What is Periodontal Disease?
Periodontal disease, more commonly referred to as gum disease, is a bacterial, chronic inflammatory disease of the gums that can destroy bone and connective tissue. It affects about one-half of Americans over 30. Gum disease occurs when bacteria infect the gums. This infection can spread beyond the gums to all of the surrounding structures, potentially causing further tooth loss and other more serious health issues.
Common Causes of Gum Disease
While bacteria in plaque ultimately stimulate the inflammatory response leading to gum disease, there are many factors that can affect your risk of developing gum disease. These can be age, genetics, hormones, obesity, poor nutrition, or certain medications. In addition, patients can develop gum disease from smoking, stress, or grinding their teeth. Patients that have Cardiovascular Disease, Diabetes, Rheumatoid Arthritis, Alzheimer’s, Colon Cancer, or Prostate Cancer are at an increased risk of developing periodontal disease.
What Are the Symptoms of Periodontal Disease?
In the early stages of periodontal disease many patients do not display any symptoms. However, as the disease progresses patients can exhibit:
- Gums that are red, swollen, tender, or pull away from the teeth
- Bleeding from the gums
- Persistent bad breath
- Loose or separating teeth
- Pus coming from the gums
- A change in the way the teeth fit together
Stages of Gum Disease
Dental plaque and more than 500 species of bacteria that live below the gums can irritate and inflame the gums. This leads to the two types of periodontal disease gingivitis and periodontitis.
The mildest form of periodontal disease, gingivitis can be caused by inadequate oral hygiene. It is commonly characterized by red, swollen gums. In this stage, symptoms are rare but simple oral health care at home including brushing and flossing can often prevent gum disease from advancing.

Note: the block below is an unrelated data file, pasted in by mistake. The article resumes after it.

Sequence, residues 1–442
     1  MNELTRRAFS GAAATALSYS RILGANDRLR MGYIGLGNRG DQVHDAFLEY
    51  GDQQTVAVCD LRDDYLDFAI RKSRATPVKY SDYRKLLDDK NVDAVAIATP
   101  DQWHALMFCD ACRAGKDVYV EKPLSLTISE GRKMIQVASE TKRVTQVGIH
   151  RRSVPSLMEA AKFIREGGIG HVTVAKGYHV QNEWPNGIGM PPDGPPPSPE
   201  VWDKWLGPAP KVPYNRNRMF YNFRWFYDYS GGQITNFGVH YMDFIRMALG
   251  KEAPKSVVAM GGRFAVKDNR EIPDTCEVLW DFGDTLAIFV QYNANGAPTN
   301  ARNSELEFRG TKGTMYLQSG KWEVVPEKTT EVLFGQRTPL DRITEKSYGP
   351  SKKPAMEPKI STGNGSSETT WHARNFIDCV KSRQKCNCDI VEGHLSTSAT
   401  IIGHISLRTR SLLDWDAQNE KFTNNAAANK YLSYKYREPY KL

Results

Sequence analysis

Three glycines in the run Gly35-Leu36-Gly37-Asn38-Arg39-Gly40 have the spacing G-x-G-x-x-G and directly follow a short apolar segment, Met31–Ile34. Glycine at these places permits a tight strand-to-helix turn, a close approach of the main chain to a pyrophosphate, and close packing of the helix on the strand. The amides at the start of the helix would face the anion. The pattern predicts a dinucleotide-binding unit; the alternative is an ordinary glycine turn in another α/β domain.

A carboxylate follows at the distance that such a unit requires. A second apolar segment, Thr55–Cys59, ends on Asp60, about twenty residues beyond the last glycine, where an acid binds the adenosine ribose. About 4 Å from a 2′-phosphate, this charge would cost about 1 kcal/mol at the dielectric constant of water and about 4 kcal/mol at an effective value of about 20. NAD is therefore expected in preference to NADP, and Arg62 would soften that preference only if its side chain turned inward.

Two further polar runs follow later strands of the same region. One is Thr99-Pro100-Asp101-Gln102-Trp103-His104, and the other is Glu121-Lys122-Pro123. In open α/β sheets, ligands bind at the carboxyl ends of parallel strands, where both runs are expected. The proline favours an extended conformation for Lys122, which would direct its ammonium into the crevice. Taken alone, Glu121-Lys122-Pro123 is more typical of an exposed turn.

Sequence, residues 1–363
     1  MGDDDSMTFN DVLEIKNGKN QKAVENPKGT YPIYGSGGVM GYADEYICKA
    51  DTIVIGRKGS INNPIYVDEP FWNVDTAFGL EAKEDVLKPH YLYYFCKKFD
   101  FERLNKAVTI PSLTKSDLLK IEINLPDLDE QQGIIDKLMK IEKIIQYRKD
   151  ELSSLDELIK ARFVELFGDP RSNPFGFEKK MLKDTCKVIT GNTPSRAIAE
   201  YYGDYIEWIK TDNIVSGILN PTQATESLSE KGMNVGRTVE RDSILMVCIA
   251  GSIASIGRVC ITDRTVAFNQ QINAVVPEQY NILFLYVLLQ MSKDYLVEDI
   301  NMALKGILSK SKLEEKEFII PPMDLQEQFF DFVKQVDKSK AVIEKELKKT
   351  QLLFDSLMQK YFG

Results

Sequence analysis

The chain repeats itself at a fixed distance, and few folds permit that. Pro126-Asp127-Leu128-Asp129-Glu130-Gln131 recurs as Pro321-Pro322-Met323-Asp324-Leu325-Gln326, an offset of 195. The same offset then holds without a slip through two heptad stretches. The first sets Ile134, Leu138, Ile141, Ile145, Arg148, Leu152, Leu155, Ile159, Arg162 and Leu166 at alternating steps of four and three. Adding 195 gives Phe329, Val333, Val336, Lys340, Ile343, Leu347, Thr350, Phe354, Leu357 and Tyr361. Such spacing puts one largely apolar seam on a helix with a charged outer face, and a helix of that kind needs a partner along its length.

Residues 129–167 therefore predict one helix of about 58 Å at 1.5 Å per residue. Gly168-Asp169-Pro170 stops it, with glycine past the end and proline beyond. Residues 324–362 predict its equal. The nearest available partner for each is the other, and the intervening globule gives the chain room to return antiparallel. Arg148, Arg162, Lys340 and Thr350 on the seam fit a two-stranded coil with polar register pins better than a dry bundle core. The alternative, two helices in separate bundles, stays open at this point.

More advanced gum disease, or periodontitis, occurs if gingivitis is not managed, oral hygiene is poor and/or you have a genetic predisposition. Periodontitis can cause gums to separate from the teeth, forming pockets that become infected with bacteria. If left untreated, periodontitis can damage the attachments of the teeth to the bone and can eventually lead to tooth loss.
How Is Gum Disease Diagnosed?
If a patient suspects they have gum disease or are experiencing related symptoms, they should schedule an appointment immediately. Dr. Hiebert and Dr. Smith can perform a series of tests in order to determine if gum disease is present and how extensive the damage is. In addition to an oral exam and reviewing the medical history, our team can take X-rays and use a dental probe to detect any periodontal pockets.
“The staff at Hiebert Smith Dental Group really make you feel a part of the “family”. They care about you as a whole person and especially want to make your experience at the dentist comfortable. They listen to your concerns and come up with plans to make your smile the best!” -Chris N.
Periodontal Disease Treatment
The staff at Hiebert Smith Dental Group offer gum disease treatment so patients don’t have to deal with these symptoms or worry about any future problems. In addition to improved oral health, we offer non-surgical treatments including:
- Scaling and root planing: cleaning the surface of the roots of teeth to remove plaque, tartar, and bacteria from periodontal pockets. Additionally, our staff may prescribe a systemic antibiotic to assist in treatment.
- Antimicrobial medications: for some cases, local antibiotics can be applied beneath the gums to suppress or kill the bacteria adjacent to the roots.
- Laser Therapy
How To Prevent Gum Disease
The most common cause of gum disease is plaque buildup. Fortunately, patients can prevent plaque from infecting their gums by refraining from smoking, eating a healthy diet, flossing and brushing daily, and visiting our office for their regular dental care.